BBC Home
Explore the BBC
BBC News
Launch consoleBBC NEWS CHANNEL
Last Updated: Thursday, 8 May, 2003, 16:33 GMT 17:33 UK
Families' protest at Deepcut visit
Princess Royal at Deepcut
The princess meets soldiers at Deepcut

The families of two recruits who died at an army barracks have held a silent protest during a visit by the Princess Royal.

The Princess visited the Deepcut Barracks, in Surrey, on Thursday, in her capacity as Colonel-in-Chief of the Royal Logistic Corps and to mark its 10th anniversary.

Four soldiers have been found shot dead at Deepcut since 1995 - with the Army ruling they took their own lives.

The parents of two of the soldiers stood at the gates to the barracks to show their unhappiness at celebrations being held while an inquiry into the deaths is ongoing.

Geoff and Diane Gray, whose son Geoff, 17, from County Durham died at the base in 2001, were joined by the parents of James Collinson, from Perth, who also died there aged 17.

They stood at the entrance to the barracks holding four-foot high pictures of each of the four recruits.

Geoff Gray and James Collinson
Geoff Gray and James Collinson died in 2001 and 2002 respectively

They were joined by the mother and widow of Mario O'Brien Clarke, a serving soldier at Deepcut who was shot dead in Hackney, east London, on Boxing Day.

Geoff Gray, 39, said he felt the celebrations at Deepcut were inappropriate.

"The timing is wrong, she could have postponed the celebrations until the investigations were over," he said.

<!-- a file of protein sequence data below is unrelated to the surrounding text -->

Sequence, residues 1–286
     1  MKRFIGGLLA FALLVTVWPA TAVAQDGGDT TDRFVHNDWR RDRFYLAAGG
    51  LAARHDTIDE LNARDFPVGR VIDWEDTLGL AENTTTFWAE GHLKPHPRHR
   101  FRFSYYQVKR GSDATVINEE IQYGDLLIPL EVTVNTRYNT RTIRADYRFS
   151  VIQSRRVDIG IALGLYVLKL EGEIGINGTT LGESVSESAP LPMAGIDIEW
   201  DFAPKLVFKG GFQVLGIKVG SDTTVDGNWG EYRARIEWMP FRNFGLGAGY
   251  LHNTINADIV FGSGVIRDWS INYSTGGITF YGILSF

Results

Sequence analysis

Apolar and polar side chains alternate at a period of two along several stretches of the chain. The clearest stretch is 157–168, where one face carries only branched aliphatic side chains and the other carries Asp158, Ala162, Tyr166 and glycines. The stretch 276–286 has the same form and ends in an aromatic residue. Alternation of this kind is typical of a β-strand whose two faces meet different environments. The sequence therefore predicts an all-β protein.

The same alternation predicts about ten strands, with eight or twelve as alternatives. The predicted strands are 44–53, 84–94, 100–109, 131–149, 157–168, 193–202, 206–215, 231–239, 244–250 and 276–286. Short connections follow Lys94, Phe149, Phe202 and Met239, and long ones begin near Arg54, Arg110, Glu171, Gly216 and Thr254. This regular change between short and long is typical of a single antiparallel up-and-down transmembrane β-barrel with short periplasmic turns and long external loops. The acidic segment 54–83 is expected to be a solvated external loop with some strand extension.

"It is an insult not only to us but to the kids that have died.

"It is totally insensitive. We had the respect not to protest while the war in Iraq was raging.

"Princess Anne should have shown us the same respect."

The four privates who died at Deepcut are Cheryl James, 18, from Llangollen in north Wales; Sean Benton, from Hastings in East Sussex; Geoff Gray, from Seaham in County Durham; and James Collinson, from Perth, Scotland.

Cheryl James and Sean Benton
Cheryl James and Sean Benton both died at Deepcut in 1995

Mrs Gray said: "The Princess is coming here to celebrate but I don't see any cause for a celebration.

"I am hoping she has seen us and that she may instigate a public inquiry. I think she would have done if it had been her own son."

Yvonne Collinson said: "I think this is an absolute insult to the memories of those who have died here."

She said the families would keep on fighting until they found some answers to the many questions hanging over the deaths.

Surrey Police are currently re-examining evidence relating to the deaths of the four privates.

BBC London's Kurt Barling
"The protest was very quiet and dignified"

Father's anger at Deepcut visit
08 May 03  |  Wales
Expert 'solves' Deepcut deaths
27 Feb 03  |  England


The BBC is not responsible for the content of external internet sites


News Front Page | World | UK | England | Northern Ireland | Scotland | Wales | Politics
Business | Entertainment | Science/Nature | Technology | Health | Education
Have Your Say | Magazine | In Pictures | Week at a Glance | Country Profiles | In Depth | Programmes
Americas Africa Europe Middle East South Asia Asia Pacific